Tuesday, October 21, 2014

Site Navigation

  • News and features
  • Events
  • Membership
  • About Us
Radio

Minnesota Fantasy Legislature FAQ

Minnesota Public Radio
January 3, 2007

Q: What is Fantasy Legislature?
A: Fantasy Legislature is based on the same principles that gave rise to fantasy baseball and football. The manager (that's you) drafts a team of six legislators. That's where fantasy ends and reality begins. Points are awarded to each legislator in several categories based on actual happenings at the Minnesota Legislature. At the end of the season (session), the team with the most points wins. You can find complete scoring rules here.

Q: Can I still get a team this session?
A: No. We limited this year's participation to two leagues to see if this idea will work. If it does, we'll add more leagues next year. However, that doesn't mean you can't follow along. During the session,you'll find legislative power rankings, as well as updates on bills and actions that usually escape notice from regular Capitol coverage. If it doesn't work, well, we'll just file it in the big folder marked "Ishtar."

Q: How often will standings be updated?
A: Ideally, I'd like to update them once per day. Realistically, it may be a little less often that that? At the moment, the process is a guy with a spreadsheet and a stack of official House and Senate Web sites to check.

Q: How do you figure out the points?
We'll use the daily schedules as released by the House and Senate each evening (for the next day) as the official "scheduling" of a hearing to determine the points for bills heard. While we're planning on updating the "filed bills" points total daily, the official publication of legislative activity will be each week's copy of Session Weekly and Senate Briefly. In addition the House and Senate daily journals will be used.

Q: What's the prize for winning?
A: At the moment, there isn't a prize other than the worldwide respect of political wonks. But we think it would be cool to have an award ceremony involving the winning team's "players" and the governor. Or maybe a bridge will be named in honor of the winning team. Stay tuned.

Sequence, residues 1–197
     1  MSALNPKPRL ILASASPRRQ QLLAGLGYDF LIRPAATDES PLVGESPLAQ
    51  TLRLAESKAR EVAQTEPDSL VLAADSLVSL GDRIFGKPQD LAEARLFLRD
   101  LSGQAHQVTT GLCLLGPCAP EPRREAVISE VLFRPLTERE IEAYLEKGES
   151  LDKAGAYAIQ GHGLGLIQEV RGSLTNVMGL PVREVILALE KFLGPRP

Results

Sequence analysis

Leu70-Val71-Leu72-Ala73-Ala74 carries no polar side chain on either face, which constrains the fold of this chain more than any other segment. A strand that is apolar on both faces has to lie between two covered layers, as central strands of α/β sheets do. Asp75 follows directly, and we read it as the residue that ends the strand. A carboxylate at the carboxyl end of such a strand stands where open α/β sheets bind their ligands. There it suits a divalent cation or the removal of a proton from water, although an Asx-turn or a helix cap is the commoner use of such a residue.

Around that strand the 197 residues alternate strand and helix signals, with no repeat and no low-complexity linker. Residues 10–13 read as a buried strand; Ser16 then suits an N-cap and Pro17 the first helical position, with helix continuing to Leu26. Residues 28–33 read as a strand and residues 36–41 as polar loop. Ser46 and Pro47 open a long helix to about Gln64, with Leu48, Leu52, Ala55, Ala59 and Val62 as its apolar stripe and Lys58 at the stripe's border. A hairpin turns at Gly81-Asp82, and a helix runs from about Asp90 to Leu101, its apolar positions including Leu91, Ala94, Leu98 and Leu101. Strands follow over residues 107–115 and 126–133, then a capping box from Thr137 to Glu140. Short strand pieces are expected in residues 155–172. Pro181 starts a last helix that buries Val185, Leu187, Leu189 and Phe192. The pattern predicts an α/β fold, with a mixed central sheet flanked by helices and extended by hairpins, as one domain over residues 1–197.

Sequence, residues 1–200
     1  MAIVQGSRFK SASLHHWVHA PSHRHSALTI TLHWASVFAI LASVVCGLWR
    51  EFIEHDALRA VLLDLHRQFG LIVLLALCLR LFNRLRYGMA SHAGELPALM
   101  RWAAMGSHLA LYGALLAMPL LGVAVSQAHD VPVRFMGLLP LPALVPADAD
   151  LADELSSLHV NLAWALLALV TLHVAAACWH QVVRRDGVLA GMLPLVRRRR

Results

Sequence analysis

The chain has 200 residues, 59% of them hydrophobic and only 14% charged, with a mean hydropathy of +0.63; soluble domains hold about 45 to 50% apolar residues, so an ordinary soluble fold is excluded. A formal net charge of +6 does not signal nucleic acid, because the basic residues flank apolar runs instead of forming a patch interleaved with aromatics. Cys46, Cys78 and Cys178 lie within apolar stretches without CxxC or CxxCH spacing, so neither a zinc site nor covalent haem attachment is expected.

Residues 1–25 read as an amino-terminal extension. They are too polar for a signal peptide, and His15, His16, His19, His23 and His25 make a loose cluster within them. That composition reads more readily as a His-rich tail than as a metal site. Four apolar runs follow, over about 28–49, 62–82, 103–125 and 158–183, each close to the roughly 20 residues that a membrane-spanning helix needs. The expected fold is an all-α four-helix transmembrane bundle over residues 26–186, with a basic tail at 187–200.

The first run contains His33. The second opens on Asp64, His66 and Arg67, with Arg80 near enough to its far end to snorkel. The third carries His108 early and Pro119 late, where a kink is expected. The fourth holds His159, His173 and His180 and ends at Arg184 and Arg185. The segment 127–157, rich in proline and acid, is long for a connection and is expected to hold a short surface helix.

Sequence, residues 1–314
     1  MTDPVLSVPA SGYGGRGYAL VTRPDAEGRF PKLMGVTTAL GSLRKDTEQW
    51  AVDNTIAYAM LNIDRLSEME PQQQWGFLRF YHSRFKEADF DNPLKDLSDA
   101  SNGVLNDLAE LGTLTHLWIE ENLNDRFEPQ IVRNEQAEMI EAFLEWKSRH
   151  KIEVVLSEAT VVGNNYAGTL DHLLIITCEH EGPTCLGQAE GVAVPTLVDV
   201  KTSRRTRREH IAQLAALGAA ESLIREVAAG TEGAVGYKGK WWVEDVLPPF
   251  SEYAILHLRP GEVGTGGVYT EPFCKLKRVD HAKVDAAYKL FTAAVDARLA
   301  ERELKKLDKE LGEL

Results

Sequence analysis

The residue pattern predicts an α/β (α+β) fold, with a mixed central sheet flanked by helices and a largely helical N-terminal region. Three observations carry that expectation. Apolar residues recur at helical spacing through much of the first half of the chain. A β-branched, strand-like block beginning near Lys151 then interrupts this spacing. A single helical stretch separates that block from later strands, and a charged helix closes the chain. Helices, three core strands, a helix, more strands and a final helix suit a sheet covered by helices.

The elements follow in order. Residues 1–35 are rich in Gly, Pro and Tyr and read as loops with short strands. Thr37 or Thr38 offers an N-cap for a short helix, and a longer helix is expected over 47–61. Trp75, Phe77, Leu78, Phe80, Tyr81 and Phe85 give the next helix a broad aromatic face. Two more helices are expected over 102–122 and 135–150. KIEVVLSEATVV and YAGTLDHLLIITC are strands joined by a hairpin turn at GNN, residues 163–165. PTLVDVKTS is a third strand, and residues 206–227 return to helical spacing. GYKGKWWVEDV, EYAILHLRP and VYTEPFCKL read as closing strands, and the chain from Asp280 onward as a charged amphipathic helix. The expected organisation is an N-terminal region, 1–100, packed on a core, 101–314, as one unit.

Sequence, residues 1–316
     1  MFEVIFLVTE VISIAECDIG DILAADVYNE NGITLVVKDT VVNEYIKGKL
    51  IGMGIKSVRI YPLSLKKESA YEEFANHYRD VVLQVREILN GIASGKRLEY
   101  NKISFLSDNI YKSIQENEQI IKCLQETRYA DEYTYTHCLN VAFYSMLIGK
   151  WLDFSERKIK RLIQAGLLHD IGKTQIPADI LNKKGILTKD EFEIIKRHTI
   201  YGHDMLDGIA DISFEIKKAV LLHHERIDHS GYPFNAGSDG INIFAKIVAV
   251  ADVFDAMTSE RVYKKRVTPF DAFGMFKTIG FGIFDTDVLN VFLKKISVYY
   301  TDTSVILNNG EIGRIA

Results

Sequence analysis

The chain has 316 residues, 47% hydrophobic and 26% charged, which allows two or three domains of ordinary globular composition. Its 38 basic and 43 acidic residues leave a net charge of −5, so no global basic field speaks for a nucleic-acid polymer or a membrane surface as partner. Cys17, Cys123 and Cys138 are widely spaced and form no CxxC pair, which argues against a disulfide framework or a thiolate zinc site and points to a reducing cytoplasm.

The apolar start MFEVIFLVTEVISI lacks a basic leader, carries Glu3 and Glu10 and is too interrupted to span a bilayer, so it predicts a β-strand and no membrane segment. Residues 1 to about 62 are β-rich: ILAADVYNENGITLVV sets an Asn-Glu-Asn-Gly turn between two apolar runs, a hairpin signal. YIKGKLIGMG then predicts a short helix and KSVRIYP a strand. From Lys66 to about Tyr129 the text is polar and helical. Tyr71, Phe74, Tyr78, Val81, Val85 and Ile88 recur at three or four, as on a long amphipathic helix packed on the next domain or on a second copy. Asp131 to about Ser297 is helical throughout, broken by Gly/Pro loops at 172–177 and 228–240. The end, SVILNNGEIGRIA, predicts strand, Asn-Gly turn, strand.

Q: Can I change my team once it's drafted?
A: Yes. Because we limited the size of each league, we created a large pool of "free agents." These non-drafted legislators are available to teams. During the week, teams can submit waiver claims by indicating what legislator they wish to add and what legislator they wish to drop from their team to make room. A free agent who is claimed by more than one team will be awarded to the team that is lower in the standings as of the next Saturday. Teams are "frozen" at midnight Saturday until midnight on Friday. Keep in mind, you must always have two legislators from each party on your squad.

Q: What happens to the points when you pick up a free agent?

A: Nothing. You don't get the points accumulated by a free agent prior to your claiming him (via the waiver process). You get, however, the points after he/she joins your team. Similarly, you keep all the points any legislator accumulates while on your team, even if you cut him/her later.

Q: My legislator doesn't have any points. He/she must not be any good, right?
A: Filing, steering, and passing legislation is just one of many, many responsibilities of a lawmaker. And let's use the fantasy baseball analogy again. Points are usually in the categories of pitching and hitting. But put a pitcher out there without 8 guys playing defense, and that team isn't going to be very good, and the team will likely lose. Similarly, a legislator who files and gets passed many bills, but provides no help to constituents, or assistance in passing bills which do not bear his/her name, may be less valuable to the democratic process.

So, no, the points tabulated are not an indication of the actual value of a legislator, they're only indicative of performance in the areas the game measures.

There's more to baseball than just hitting and pitching. And there's more to being a legislator in Minnesota than getting your own bills passed. although it's part of the total package.

Q: Doesn't this make a mockery of the legislative process?
A: On the contrary, it illuminates the legislative process and the tremendous workload that lawmakers have. Look at it this way: during the course of a legislative session, relatively few lawmakers get any coverage. And comparatively few bills warrant mainstream coverage. With Fantasy Legislature, you'll learn more about both. It might even help people understand the seemingly Byzantine process of legislating. We think that's a good thing. And if you have some fun in the process, all the better!

Questions? Drop a note to Bob Collins. We'll add the question and answer here.